Our lending principles

For some people, the very idea of debt can be daunting. And that’s not surprising, given the industry’s reputation around sneaky hidden fees, jargon-filled communication and hooking you in by advertising rates that aren’t actually available for most people.

But we believe debt doesn’t have to be all bad. In fact, borrowing money can help you achieve goals like buying a car, paying for a course, or getting on the property ladder. Or even just giving you peace of mind when life doesn’t go to plan, for those unexpected emergency purchases.

We follow 5 core lending principles

As part of our commitment to being a responsible lender, we follow 5 principles. This is our promise to you, and shows what you can expect if you borrow money from Monzo (whether that’s a loan or overdraft, or other products we build in the future).

These are all based on your feedback and our user research around the most painful things about borrowing money, which we want to fix.

1. Responsible: we’ll make sure you can afford to borrow money from us

We want to protect people from getting into unmanageable debt. So we have a strict criteria of who we lend to, and decide using info from our credit reference agency, as well as our own data.

This means that for eligible people who we’re confident can afford it, we can make borrowing easier and more convenient. Like applying for a loan in just a few minutes and getting the money the same day, or turning on your overdraft in a couple of taps.

2. Transparent: we’re open about whether you can borrow from us, and how much it’ll cost you

We’ll let you know how much you can borrow up front, without affecting your credit score. And if you can’t borrow from us, we’ll explain why wherever we can. In future, we want to develop features that’ll help you become eligible (like helping you improve your credit score or build your credit history).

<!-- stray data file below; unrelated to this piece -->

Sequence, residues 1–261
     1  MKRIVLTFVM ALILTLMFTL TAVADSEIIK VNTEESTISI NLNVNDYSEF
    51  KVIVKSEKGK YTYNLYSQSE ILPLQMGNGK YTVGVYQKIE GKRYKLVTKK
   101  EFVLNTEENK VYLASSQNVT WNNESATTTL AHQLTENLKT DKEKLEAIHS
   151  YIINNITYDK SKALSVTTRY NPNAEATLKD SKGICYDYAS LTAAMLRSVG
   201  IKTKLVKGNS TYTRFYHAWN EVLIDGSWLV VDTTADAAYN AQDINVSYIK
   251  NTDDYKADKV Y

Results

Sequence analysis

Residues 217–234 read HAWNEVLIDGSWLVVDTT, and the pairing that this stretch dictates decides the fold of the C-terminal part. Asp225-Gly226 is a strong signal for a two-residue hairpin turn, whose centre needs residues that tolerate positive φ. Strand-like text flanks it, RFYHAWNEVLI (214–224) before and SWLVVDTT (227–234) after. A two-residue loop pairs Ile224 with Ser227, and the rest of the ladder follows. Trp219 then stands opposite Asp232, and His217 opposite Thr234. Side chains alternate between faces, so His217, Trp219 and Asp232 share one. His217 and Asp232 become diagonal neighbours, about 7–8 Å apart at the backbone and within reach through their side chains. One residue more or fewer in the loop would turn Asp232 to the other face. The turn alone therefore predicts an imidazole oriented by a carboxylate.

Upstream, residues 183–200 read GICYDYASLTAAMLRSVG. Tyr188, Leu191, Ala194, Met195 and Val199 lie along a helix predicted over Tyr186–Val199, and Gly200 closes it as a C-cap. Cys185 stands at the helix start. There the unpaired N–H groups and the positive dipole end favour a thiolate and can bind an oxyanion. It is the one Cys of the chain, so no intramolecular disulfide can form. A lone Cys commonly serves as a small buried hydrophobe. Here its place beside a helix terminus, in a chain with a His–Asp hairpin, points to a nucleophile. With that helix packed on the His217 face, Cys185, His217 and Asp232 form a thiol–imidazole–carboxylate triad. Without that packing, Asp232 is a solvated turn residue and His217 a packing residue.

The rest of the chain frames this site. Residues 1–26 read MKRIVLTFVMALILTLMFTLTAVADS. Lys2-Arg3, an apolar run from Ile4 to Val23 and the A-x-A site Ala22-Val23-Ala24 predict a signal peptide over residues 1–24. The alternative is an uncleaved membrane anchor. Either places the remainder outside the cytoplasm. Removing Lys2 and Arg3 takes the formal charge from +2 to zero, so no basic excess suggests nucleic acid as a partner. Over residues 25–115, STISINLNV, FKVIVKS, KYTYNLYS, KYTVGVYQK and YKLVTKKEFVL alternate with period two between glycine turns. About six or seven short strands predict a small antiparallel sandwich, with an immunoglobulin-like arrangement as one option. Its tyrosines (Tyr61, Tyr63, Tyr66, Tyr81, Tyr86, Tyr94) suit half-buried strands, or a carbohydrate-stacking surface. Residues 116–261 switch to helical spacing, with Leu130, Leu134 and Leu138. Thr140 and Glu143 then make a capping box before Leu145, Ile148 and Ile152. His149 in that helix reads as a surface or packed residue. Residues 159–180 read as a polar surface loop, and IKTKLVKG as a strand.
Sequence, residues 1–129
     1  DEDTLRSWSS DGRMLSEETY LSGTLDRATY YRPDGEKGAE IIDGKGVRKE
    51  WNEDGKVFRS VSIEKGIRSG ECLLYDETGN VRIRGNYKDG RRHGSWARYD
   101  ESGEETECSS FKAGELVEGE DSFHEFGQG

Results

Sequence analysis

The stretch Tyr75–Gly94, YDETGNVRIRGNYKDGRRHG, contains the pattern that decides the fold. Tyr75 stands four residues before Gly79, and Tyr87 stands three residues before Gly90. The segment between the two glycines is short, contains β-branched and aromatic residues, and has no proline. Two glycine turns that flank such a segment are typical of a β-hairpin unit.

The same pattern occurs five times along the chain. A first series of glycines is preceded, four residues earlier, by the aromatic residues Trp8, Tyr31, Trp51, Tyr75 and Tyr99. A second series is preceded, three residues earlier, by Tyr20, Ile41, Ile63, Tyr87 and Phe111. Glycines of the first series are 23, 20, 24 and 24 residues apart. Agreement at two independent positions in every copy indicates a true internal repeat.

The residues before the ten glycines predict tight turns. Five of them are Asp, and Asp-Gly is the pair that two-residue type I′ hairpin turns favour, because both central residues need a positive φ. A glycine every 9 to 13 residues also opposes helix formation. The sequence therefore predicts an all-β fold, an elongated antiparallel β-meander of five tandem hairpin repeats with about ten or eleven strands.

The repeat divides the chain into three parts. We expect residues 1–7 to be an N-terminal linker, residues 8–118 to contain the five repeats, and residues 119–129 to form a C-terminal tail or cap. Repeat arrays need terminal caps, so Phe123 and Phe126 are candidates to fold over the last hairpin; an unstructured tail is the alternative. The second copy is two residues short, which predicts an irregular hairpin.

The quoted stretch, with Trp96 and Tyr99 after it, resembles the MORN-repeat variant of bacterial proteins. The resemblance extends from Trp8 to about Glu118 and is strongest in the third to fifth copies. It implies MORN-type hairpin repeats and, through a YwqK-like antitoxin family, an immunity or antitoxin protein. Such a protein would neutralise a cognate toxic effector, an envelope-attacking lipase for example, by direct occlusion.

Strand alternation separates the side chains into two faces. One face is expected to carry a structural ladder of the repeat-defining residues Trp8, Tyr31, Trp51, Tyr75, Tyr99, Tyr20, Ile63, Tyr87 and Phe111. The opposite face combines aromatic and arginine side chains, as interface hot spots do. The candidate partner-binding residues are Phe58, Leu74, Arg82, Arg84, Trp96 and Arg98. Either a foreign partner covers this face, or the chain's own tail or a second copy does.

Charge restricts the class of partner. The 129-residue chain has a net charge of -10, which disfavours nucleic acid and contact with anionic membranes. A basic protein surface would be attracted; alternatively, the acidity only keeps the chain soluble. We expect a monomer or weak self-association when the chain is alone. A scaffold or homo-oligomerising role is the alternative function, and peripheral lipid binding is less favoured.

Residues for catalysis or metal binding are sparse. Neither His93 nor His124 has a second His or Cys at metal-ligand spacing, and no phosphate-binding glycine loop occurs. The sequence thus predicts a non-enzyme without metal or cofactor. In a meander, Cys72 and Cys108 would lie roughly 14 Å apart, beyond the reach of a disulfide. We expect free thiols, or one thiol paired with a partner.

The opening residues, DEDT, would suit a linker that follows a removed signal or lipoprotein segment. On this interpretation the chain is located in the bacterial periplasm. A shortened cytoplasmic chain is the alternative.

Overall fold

You’ll know the exact interest rate you’ll pay (and what that means in pounds) before you borrow.

3. Clear: we communicate in plain English

And if we need to use complex terms for legal reasons (like EAR or APR), we’ll always explain them. So nothing’s harder than it needs to be.

4. Fair: we won’t sting you with hidden fees

We’ll always be upfront about what borrowing will cost you in pounds, and as a percentage. We’ll help you make extra loan repayments or pay your overdraft fees early, in the app. And if we do charge fees, we’ll always make it clear what we’re charging you for, and explain why.

5. Compassionate: we’re here 24/7 if you want to chat to us

We want to make sure anyone who borrows money from us feels comfortable getting in touch any time, and especially if something’s wrong (whether that’s losing a job, struggling with mental health, or something totally different).

We know that life can be unpredictable, and things change, so we’ve got a team of people dedicated to giving you personalised support. Depending on your circumstances, we can give you extra time to pay back, come up with a more manageable repayment plan or refer you to free advice organisations, if that’s what you need.

We’d love to hear your feedback and ideas

We’re sharing these principles with you because we want to be held up to the high standards we’ve set ourselves. We believe in everything we’ve said, so if you see us falling short then please let us know. And as always, we’d love to hear any other thoughts and feedback below.


I think you’ve forgotten to include the link to the blog post :sweat_smile:

Too quick! Fixed :grinning:

Haha thank you :smiley:

I have a question :raised_hand:

How far are you through making an offer to everyone on how much you can lend them? Or have you finished now?


Why am I (and I’ve seen others say this too) eligible for a £1,000 overdraft but can’t even get a £200 loan? Some people have this vice-versa as well.


I think you should create a credit card and match features that Apple have integrated into theirs with Goldman Sachs :wink:

On the side of @Ordog’s question, does being eligible mean that someone will get the loan/overdraft if they apply?